- 29.1E: Determine the number of ways in which the four corners of a square ...
- 29.2E: Determine the number of different necklaces that can be made using ...
- 29.3E: Determine the number of ways in which the vertices of an equilatera...
- 29.4E: A benzene molecule can be modeled as six carbon atoms arranged in a...
- 29.5E: Suppose that in Exercise 4 we permit only NH2 and COOH for the radi...
- 29.6E: Determine the number of ways in which the faces of a regular dodeca...
- 29.7E: Determine the number of ways in which the edges of a square can be ...
- 29.8E: Determine the number of ways in which the edges of a square can be ...
- 29.9E: Determine the number of different 11-bead necklaces that can be mad...
- 29.10E: Determine the number of ways in which the faces of a cube can be co...
- 29.11E: Suppose a cake is cut into six identical pieces. How many ways can ...
- 29.12E: How many ways can the five points of a five-pointed crown be painte...
- 29.13E: Let G be a finite group and let sym(G) be the group of all permutat...
- 29.14E: Let G be a finite group, let H be a subgroup of G, and let S be the...
- 29.15E: For a fixed square, let L1 be the perpendicular bisector of the top...
Solutions for Chapter 29: Contemporary Abstract Algebra 8th Edition
Full solutions for Contemporary Abstract Algebra | 8th Edition
Adjacency matrix of a graph.
Square matrix with aij = 1 when there is an edge from node i to node j; otherwise aij = O. A = AT when edges go both ways (undirected). Adjacency matrix of a graph. Square matrix with aij = 1 when there is an edge from node i to node j; otherwise aij = O. A = AT when edges go both ways (undirected).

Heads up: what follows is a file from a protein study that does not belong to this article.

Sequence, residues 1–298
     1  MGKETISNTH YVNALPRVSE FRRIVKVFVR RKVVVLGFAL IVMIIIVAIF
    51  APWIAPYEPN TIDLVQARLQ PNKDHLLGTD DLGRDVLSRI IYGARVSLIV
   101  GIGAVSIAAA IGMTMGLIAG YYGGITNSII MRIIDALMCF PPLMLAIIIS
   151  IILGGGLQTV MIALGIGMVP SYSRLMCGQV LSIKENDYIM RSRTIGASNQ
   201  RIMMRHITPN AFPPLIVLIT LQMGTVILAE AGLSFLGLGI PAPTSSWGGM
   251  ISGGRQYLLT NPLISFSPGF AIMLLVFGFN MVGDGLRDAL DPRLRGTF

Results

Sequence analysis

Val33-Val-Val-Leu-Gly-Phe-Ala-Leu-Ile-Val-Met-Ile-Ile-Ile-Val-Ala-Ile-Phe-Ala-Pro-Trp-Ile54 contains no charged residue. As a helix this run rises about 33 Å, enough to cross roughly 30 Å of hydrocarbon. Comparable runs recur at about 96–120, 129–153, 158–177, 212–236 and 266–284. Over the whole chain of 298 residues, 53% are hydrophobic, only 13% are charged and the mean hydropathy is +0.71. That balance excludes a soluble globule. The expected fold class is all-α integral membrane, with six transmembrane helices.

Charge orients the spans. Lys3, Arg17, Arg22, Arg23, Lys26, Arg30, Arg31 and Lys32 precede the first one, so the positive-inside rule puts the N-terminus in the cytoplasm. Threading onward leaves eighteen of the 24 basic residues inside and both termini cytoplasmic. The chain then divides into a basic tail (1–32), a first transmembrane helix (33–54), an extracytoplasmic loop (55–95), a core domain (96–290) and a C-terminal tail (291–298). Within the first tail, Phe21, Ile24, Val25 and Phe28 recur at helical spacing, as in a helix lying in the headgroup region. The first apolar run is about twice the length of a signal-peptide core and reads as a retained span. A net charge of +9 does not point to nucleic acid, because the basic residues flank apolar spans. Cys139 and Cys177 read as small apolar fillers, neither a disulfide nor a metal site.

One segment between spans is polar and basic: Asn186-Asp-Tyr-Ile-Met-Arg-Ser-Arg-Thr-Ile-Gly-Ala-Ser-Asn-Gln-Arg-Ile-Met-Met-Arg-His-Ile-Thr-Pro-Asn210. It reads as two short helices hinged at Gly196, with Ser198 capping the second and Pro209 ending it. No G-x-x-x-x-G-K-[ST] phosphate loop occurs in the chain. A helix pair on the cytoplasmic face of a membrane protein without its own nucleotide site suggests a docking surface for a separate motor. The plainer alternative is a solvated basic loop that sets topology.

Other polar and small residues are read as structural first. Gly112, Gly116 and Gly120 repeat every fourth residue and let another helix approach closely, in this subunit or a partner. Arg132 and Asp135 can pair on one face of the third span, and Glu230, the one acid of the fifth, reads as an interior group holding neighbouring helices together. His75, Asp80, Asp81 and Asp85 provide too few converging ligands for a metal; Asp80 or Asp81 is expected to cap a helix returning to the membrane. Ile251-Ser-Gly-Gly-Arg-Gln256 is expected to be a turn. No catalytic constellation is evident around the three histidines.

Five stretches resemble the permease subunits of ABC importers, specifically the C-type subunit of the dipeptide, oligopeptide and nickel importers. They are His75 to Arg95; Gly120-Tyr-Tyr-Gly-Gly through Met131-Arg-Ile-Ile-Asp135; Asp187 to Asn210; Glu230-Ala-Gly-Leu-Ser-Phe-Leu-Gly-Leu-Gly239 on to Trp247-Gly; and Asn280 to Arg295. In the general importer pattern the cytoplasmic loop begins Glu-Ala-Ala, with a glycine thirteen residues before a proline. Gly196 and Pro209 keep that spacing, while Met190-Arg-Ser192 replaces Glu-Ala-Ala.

A matrix can be partitioned into matrix blocks, by cuts between rows and/or between columns. Block multiplication ofAB is allowed if the block shapes permit.
A = CTC = (L.J]))(L.J]))T for positive definite A.
Gram-Schmidt orthogonalization A = QR.
Independent columns in A, orthonormal columns in Q. Each column q j of Q is a combination of the first j columns of A (and conversely, so R is upper triangular). Convention: diag(R) > o.
Kronecker product (tensor product) A ® B.
Blocks aij B, eigenvalues Ap(A)Aq(B).
Krylov subspace Kj(A, b).
The subspace spanned by b, Ab, ... , Aj-Ib. Numerical methods approximate A -I b by x j with residual b - Ax j in this subspace. A good basis for K j requires only multiplication by A at each step.
Linearly dependent VI, ... , Vn.
A combination other than all Ci = 0 gives L Ci Vi = O.
Nilpotent matrix N.
Some power of N is the zero matrix, N k = o. The only eigenvalue is A = 0 (repeated n times). Examples: triangular matrices with zero diagonal.
Nullspace matrix N.
The columns of N are the n - r special solutions to As = O.
Orthogonal matrix Q.
Square matrix with orthonormal columns, so QT = Q-l. Preserves length and angles, IIQxll = IIxll and (QX)T(Qy) = xTy. AlllAI = 1, with orthogonal eigenvectors. Examples: Rotation, reflection, permutation.
Outer product uv T
= column times row = rank one matrix.
Rank r (A)
= number of pivots = dimension of column space = dimension of row space.
Reflection matrix (Householder) Q = I -2uuT.
Unit vector u is reflected to Qu = -u. All x intheplanemirroruTx = o have Qx = x. Notice QT = Q-1 = Q.
Row picture of Ax = b.
Each equation gives a plane in Rn; the planes intersect at x.
Similar matrices A and B.
Every B = M-I AM has the same eigenvalues as A.
Special solutions to As = O.
One free variable is Si = 1, other free variables = o.
Symmetric matrix A.
The transpose is AT = A, and aU = a ji. A-I is also symmetric.
Constant down each diagonal = time-invariant (shift-invariant) filter.
Trace of A
= sum of diagonal entries = sum of eigenvalues of A. Tr AB = Tr BA.
Vector v in Rn.
Sequence of n real numbers v = (VI, ... , Vn) = point in Rn.